An Unbridled's Song colt brought $185,000 to top the ninth session of the struggling Keeneland September yearling sale. While the number of horses sold Sept. 23 in Lexington rose 5.6% from a year ago, the gross revenue declined 26.2%. The average price dropped 30.1%, and the median price plunged 40%. The buy-back rate fell from 24.6% in 2008 to 19.3% this year.
Milwaukee Appeal, coming off a second-place finish in the Alabama Stakes (gr. I) and two near-misses in Canadian 3-year-old classics before that, returns as the one to beat in the $250,000 Selene Stakes (Can-III) at Woodbine Sept. 26.
Hoosier Park Racing and Casino received test results back from horses quarantined on the backstretch for Streptococcus equi (equine strangles). All tests have been returned as negative for the infection in these horses.
Bear Now goes for back-to-back Kentucky Cup Distaff (gr. III) titles Sept. 26 at Turfway Park when she takes on nine rivals in the $100,000 Polytrack event for fillies and mares.
Sweet Goodbye will attempt to become the latest female to bowl over the boys when she takes her six-for-eight lifetime record into the $200,000 Jim McKay Maryland Million Classic at Laurel Park Sept. 26.
The Overbrook Farm dispersal, which began at the Keeneland September yearling sale, will not mark the end of the Young family's involvement in the Thoroughbred business. Chris Young, the 34-year-old grandson of Overbrook founder W.T. Young, is making plans for his own venture that probably will emphasize racing.
Lenny and Steve discuss the California Horse Racing Board complaint against Joel Rosario, Woodbine results and their Breeders' Cup implications, and the Keeneland September Yearling Sale, including comments from Keeneland Director of Sales, Geoffrey Russell. Plus, a Rachel Alexandra factoid. Comments for Lenny and Steve? Send them to: firstname.lastname@example.org.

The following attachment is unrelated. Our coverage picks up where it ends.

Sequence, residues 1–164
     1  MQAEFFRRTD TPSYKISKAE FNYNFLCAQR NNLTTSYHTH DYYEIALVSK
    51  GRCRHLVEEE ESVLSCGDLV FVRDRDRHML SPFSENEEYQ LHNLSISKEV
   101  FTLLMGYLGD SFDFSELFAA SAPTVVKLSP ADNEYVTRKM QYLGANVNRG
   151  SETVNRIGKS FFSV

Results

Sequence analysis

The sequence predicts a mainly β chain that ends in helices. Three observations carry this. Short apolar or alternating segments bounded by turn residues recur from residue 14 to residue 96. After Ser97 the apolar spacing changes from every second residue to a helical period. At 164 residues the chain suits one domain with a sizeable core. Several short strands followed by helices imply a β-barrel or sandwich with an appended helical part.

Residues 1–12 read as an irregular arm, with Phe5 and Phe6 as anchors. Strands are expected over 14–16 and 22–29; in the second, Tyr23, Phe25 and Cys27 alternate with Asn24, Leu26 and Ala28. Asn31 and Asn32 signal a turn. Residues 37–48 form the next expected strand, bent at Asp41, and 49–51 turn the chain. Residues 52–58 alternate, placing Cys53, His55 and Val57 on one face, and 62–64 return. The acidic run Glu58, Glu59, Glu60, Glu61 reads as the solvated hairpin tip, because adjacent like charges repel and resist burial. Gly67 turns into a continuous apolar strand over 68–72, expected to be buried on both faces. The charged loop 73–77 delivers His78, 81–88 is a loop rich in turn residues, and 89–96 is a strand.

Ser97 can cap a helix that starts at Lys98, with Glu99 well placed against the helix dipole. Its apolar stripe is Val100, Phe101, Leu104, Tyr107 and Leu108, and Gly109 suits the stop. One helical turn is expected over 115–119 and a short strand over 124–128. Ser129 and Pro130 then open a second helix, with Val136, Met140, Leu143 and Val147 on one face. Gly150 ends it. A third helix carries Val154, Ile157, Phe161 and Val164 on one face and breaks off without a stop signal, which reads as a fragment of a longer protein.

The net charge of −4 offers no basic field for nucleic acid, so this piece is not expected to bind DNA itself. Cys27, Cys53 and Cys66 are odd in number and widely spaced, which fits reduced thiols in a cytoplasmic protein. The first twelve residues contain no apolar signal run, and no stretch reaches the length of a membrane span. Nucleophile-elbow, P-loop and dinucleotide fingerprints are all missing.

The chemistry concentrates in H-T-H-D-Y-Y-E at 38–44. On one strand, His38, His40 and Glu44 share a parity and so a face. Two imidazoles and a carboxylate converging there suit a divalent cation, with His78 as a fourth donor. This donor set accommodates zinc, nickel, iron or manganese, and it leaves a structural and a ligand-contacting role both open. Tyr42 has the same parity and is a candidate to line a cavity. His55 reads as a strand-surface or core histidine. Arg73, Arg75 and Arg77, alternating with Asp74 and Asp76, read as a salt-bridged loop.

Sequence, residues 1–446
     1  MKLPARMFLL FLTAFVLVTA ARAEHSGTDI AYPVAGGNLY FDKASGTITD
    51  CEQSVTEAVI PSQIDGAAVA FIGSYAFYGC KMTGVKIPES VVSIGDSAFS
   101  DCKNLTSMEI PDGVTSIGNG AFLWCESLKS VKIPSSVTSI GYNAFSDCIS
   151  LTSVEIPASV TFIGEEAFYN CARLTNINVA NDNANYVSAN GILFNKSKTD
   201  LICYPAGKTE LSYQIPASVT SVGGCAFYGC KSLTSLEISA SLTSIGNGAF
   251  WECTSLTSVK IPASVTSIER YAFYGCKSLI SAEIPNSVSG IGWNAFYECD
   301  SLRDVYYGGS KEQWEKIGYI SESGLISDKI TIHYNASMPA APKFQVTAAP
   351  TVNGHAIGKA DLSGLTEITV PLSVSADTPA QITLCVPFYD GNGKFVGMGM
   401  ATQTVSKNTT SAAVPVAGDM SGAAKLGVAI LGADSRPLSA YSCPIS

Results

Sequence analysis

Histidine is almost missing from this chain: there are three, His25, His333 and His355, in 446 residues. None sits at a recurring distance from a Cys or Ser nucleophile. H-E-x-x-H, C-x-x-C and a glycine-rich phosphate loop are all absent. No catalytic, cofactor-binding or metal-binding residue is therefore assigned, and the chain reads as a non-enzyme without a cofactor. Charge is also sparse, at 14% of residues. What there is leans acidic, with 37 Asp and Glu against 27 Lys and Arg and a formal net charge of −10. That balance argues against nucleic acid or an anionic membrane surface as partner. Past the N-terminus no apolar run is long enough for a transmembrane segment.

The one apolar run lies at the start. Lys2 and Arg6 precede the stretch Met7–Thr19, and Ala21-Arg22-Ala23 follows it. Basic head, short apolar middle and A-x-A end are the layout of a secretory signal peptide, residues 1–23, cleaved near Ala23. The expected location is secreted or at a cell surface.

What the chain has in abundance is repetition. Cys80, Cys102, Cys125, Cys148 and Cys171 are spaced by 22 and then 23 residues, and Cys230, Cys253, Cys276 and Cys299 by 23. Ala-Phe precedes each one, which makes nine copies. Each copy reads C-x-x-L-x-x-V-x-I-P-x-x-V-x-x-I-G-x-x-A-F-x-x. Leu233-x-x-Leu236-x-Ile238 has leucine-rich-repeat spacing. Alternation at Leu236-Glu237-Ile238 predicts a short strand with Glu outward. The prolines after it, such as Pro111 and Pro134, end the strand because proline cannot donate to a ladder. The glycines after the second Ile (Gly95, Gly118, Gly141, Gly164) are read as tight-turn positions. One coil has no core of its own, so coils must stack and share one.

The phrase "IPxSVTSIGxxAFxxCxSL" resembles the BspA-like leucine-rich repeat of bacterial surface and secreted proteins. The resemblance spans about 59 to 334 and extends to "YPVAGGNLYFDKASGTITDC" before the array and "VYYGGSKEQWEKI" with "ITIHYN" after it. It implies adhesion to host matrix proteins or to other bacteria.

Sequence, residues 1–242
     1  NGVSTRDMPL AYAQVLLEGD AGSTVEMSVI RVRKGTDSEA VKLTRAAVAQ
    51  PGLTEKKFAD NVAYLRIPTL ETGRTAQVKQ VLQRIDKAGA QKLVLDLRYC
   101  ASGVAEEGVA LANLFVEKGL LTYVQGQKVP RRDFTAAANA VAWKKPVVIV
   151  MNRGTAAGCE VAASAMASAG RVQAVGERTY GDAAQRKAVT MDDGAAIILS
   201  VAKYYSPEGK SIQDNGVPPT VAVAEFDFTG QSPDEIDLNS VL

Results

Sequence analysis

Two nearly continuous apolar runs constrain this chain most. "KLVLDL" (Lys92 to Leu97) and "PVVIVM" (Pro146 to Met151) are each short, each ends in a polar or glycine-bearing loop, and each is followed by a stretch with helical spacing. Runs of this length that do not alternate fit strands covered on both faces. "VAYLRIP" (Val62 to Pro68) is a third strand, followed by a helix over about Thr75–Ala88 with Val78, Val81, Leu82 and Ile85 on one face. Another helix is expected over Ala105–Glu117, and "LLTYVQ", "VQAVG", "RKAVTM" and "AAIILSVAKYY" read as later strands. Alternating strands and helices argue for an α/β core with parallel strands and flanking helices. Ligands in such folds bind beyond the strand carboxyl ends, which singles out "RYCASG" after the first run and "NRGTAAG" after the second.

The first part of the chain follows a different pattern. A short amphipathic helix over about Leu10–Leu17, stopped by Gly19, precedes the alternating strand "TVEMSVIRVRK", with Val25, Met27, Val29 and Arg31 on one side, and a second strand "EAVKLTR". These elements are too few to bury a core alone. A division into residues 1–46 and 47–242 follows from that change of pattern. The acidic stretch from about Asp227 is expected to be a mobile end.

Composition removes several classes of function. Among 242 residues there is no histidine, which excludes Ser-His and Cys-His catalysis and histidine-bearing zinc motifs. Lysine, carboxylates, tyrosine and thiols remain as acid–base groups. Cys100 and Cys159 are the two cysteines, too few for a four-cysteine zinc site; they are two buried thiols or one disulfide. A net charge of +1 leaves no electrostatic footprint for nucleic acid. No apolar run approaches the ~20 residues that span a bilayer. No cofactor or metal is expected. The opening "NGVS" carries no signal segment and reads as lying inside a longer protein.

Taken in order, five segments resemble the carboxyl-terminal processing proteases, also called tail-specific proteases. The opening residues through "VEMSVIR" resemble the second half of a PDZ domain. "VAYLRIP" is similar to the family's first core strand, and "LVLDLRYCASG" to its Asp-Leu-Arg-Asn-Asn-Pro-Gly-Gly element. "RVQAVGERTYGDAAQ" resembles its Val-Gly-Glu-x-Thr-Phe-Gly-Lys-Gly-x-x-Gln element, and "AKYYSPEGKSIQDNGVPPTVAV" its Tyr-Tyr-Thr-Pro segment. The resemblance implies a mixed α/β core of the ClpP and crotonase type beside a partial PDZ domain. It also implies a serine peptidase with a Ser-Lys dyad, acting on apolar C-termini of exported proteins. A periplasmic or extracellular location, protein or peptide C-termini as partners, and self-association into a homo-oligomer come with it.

David Hayden has a message for his fellow commercial breeders: "Change or die." The ability to be flexible during hard times, he said last week at the Keeneland September yearling sale in Lexington, is the key to survival. And Hayden, who plans to keep raising horses for many years to come, has looked at everything from production costs to where he will market his yearlings in an effort to remain profitable and avoid drowning in a sea of red ink.
Fasig-Tipton Lead Inspector Bill Graves on conformation. Order the Conformation For Performance dvd and receive FREE SHIPPING!
Stan Bowker, who has more than 40 years of race track experience, has accepted the position as state steward for the Arkansas State Racing Commission, director Ron Oliver announced Sept. 23.
WinStar Farm's homebred Hold Me Back, who scored his biggest victory in the Lane's End Stakes (gr. II) earlier this year at Turfway Park, returns to the Florence, Ky., racetrack as the one to beat in the $200,000 Kentucky Cup Classic (gr. II) Sept. 26.
The Thoroughbred Club of America has selected Catesby Woodford Clay, chairman of historic Runnymede Farm in Paris, Ky., to be the Honor Guest at the club's 78th annual Testimonial Dinner.
Thirty-two nominations are pretty good for a race that, up until six weeks ago, wasn't even on the schedule. Thistledown officials Sept. 23 said that's the number of nominees for the grade II Ohio Derby Oct. 3. The purse is $150,000, down from $300,000 last year.
Stuart S. Janney III's Laughing Look, dam of grade I winner Coronado's Quest and two other stakes winners, was euthanized Sept. 10 because of complications from the infirmities of old age.
Ishiguru, whose son Ferneley won the Aug. 29 Del Mar Mile Handicap (gr. IIT), was euthanized Sept. 17 following complications arising from a knee injury.
MAHUBAH'S CORNER, by Avalyn Hunter
It seems appropriate that the once-perennial leading commercial sire, Storm Cat, bow out while the Thoroughbred market redefines itself.
From the very beginning of the Keeneland September yearling sale in Lexington, it was apparent that there would be a major correction in the market for young horses as key business figures suffered significant setbacks. Here are comments from auction participants during the first week of the sale.
The number of equine herpesvirus type-1 (EHV-1) infections caused by the neuropathogenic form of the virus has been steadily increasing over the past 51 years, report researchers from the University of Kentucky.
Clinical observations suggest that neuropathogenic strains of EHV-1 (i.e., strains of EHV-1 with a single mutation in the gene that encod...
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